NEW YORK (TheStreet) -- Stocks recovered from session lows by midafternoon Tuesday, though the energy sector weighed on the major indexes because of plummeting oil prices.
Oil prices plunged ahead of a meeting of the Organization of the Petroleum Exporting Countries in Vienna on Thursday. OPEC will determine whether to cut production to address a supply glut and prices that have been in freefall. Individual meetings between Saudi Arabia, Venezuela, Mexico and Russia have failed to come to any solution. West Texas Intermediate crude was down 2% to $74.24 a barrel on Tuesday.
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The S&P 500 added 0.03%, the Dow Jones Industrial Average climbed 0.14%, and the Nasdaq was up 0.13%.
Shares were lower earlier in Tuesday's session as third-quarter GDP triggered fears that an economic recovery further along than expected could mean a return to normal monetary policy for the Federal Reserve sooner than forecast. Third-quarter GDP was upwardly revised to 3.9% from an initial reading of 3.5%, topping even the most generous estimates. Economists surveyed by Bloomberg predicted a range of 3% to 3.8% with a consensus of 3.3%.
"If the economy is growing, then the Fed's medicine worked," Eric Marshall, portfolio manager for Hodges Mutual Funds. "We've had an unprecedented period of extremely low interest rates that have been in response to soft economic conditions and a high unemployment rate over the last few years."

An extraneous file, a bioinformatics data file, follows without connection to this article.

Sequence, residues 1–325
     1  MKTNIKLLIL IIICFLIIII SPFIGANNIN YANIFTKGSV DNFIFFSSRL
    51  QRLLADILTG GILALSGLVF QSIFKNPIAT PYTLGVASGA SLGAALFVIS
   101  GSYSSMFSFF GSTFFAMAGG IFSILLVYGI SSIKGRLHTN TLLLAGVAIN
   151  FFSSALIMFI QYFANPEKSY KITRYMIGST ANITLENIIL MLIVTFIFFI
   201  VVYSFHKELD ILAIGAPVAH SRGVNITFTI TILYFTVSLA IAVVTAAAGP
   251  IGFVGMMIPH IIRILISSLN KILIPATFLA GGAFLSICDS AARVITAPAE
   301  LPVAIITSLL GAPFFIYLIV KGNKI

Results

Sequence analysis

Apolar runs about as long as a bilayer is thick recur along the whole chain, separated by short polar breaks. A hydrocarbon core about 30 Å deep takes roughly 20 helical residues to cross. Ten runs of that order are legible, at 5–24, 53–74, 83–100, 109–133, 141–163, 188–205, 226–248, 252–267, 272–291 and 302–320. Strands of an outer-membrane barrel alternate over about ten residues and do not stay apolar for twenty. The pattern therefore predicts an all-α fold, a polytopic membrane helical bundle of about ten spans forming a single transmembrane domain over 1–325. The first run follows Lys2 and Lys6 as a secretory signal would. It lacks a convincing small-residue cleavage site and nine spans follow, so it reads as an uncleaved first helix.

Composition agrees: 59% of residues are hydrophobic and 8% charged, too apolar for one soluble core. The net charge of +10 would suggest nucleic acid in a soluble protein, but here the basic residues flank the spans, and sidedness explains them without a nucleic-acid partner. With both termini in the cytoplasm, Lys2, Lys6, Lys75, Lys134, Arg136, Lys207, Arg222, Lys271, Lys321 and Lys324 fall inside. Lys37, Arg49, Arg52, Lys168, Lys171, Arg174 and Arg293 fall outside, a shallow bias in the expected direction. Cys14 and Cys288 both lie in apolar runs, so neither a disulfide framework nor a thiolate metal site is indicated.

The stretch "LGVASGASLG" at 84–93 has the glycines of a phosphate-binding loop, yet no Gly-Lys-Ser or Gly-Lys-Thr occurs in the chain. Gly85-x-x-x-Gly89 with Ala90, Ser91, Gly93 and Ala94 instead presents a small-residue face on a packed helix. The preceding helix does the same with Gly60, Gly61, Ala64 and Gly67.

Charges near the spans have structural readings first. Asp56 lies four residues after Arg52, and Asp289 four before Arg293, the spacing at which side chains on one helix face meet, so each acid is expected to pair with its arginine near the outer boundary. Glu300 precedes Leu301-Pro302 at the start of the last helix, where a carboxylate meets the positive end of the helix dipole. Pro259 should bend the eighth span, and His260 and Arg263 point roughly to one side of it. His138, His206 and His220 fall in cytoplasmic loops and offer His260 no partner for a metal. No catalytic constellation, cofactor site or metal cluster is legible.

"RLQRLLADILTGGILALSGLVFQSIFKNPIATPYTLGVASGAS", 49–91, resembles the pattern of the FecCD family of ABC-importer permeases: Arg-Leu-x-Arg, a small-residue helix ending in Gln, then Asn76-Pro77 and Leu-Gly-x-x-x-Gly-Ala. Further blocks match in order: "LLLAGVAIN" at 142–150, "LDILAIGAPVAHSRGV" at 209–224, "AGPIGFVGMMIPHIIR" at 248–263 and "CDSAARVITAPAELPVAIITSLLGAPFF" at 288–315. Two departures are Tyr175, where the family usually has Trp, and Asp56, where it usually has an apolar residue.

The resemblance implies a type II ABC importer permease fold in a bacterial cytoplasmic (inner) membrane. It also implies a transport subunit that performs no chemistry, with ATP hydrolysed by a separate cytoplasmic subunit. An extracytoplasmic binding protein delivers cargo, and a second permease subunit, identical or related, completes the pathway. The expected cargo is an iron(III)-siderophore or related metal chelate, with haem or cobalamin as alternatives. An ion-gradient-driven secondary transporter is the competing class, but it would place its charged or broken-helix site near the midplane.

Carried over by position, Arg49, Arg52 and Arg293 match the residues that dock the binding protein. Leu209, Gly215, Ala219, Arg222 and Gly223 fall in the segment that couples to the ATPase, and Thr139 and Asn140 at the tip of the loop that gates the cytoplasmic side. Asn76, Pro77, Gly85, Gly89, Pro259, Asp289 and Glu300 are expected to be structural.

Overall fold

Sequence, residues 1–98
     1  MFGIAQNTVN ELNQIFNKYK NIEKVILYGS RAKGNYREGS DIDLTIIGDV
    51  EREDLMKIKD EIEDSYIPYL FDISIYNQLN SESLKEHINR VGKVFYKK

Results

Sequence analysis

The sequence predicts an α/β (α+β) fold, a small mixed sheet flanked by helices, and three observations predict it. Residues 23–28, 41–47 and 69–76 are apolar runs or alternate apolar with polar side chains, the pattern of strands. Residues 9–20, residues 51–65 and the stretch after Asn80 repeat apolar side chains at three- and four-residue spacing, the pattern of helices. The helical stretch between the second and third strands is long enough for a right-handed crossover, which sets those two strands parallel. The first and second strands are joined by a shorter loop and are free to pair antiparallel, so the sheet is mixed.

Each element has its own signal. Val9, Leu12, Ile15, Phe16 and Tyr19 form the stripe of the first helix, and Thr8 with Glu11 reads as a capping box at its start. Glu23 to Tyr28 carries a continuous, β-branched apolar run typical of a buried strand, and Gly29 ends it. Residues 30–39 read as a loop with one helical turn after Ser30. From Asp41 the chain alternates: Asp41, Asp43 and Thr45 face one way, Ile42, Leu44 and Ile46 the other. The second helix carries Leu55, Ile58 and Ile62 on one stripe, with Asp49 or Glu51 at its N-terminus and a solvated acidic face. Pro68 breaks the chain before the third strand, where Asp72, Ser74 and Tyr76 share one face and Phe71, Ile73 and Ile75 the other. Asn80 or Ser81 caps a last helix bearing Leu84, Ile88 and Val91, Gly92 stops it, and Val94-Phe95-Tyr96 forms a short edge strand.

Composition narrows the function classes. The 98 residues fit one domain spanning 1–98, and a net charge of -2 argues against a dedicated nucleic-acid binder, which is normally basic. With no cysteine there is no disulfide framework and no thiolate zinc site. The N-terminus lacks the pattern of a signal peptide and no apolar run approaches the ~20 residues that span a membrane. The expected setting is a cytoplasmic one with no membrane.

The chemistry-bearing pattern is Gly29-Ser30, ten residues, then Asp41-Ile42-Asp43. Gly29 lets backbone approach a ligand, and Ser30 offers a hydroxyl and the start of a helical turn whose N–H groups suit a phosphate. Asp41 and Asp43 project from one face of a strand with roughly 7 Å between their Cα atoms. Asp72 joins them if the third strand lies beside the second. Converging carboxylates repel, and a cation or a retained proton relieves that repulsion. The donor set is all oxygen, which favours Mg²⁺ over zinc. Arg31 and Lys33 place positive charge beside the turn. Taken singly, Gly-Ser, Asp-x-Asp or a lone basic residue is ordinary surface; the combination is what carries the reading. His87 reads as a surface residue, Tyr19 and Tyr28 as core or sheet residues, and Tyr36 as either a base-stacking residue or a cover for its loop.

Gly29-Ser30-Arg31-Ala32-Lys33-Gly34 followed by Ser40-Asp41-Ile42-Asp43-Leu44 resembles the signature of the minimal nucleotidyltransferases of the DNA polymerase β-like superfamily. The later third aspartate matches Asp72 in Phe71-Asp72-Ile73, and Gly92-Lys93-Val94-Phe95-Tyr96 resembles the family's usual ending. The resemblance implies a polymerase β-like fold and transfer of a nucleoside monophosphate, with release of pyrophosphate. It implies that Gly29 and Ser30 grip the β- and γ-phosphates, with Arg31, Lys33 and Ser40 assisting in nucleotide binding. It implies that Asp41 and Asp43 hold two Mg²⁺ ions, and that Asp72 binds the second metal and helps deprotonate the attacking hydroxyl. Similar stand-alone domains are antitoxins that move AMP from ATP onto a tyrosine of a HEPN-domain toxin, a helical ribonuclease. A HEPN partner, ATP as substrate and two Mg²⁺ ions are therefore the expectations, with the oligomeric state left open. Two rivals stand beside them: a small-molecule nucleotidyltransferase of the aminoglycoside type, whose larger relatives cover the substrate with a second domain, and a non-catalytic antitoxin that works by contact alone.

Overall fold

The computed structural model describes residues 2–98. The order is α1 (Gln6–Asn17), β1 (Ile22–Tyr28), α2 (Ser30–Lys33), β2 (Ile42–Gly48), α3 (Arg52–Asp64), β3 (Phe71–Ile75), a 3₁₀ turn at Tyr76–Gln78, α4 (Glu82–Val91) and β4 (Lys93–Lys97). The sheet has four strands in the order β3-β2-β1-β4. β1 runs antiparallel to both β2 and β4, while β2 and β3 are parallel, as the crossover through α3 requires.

However, this might not be what investors want to hear given that a better economy could trigger the Fed to raise interest rates sooner than expected. "Good news on GDP was actually negative for equity investors," Chris Gaffney, senior vice president at Everbank, said in a call. "Stronger U.S. economy worries investors in that they believe that interest rates will start rising sooner."
The economy wasn't showing across-the-board strength, however, after consumer confidence unexpectedly declined and housing price growth continued to decelerate. November consumer confidence fell to 88.7, down from 94.1 in October and far lower than economists' forecasts for an increase to 96. Hopes were high that recent declines in oil prices would fuel increased consumer spending.
"While the dip in confidence is hardly a nail in the coffin for the protracted equity market rally, it does mesh with more granular initial claims data of late, which has drifted higher," wrote Interactive Brokers' chief market analyst Andrew Wilkinson in a note.
Growth in home prices softened again in September, rising 4.9% across 20 metropolitan areas from 5.6% a month earlier, according to the S&P/Case-Shiller composite index. The result came in slightly better than an expected 4.7% increase.
Netflix (NFLX) was 1.8% lower on a downgrade to "hold" from Stifel analyst Scott Devitt. "We ... view shares as more attractive in the low-$300 range until we gain more clarity on domestic subscriber growth trajectory," Devitt wrote in a report.
Spain-based bank Santander (SAN) was gaining 1.3% after naming its former chief financial officer to the vacated role of CEO. Former chief Javier Marin had held the position for less than two years.
-- Written by Keris Alison Lahiff in New York.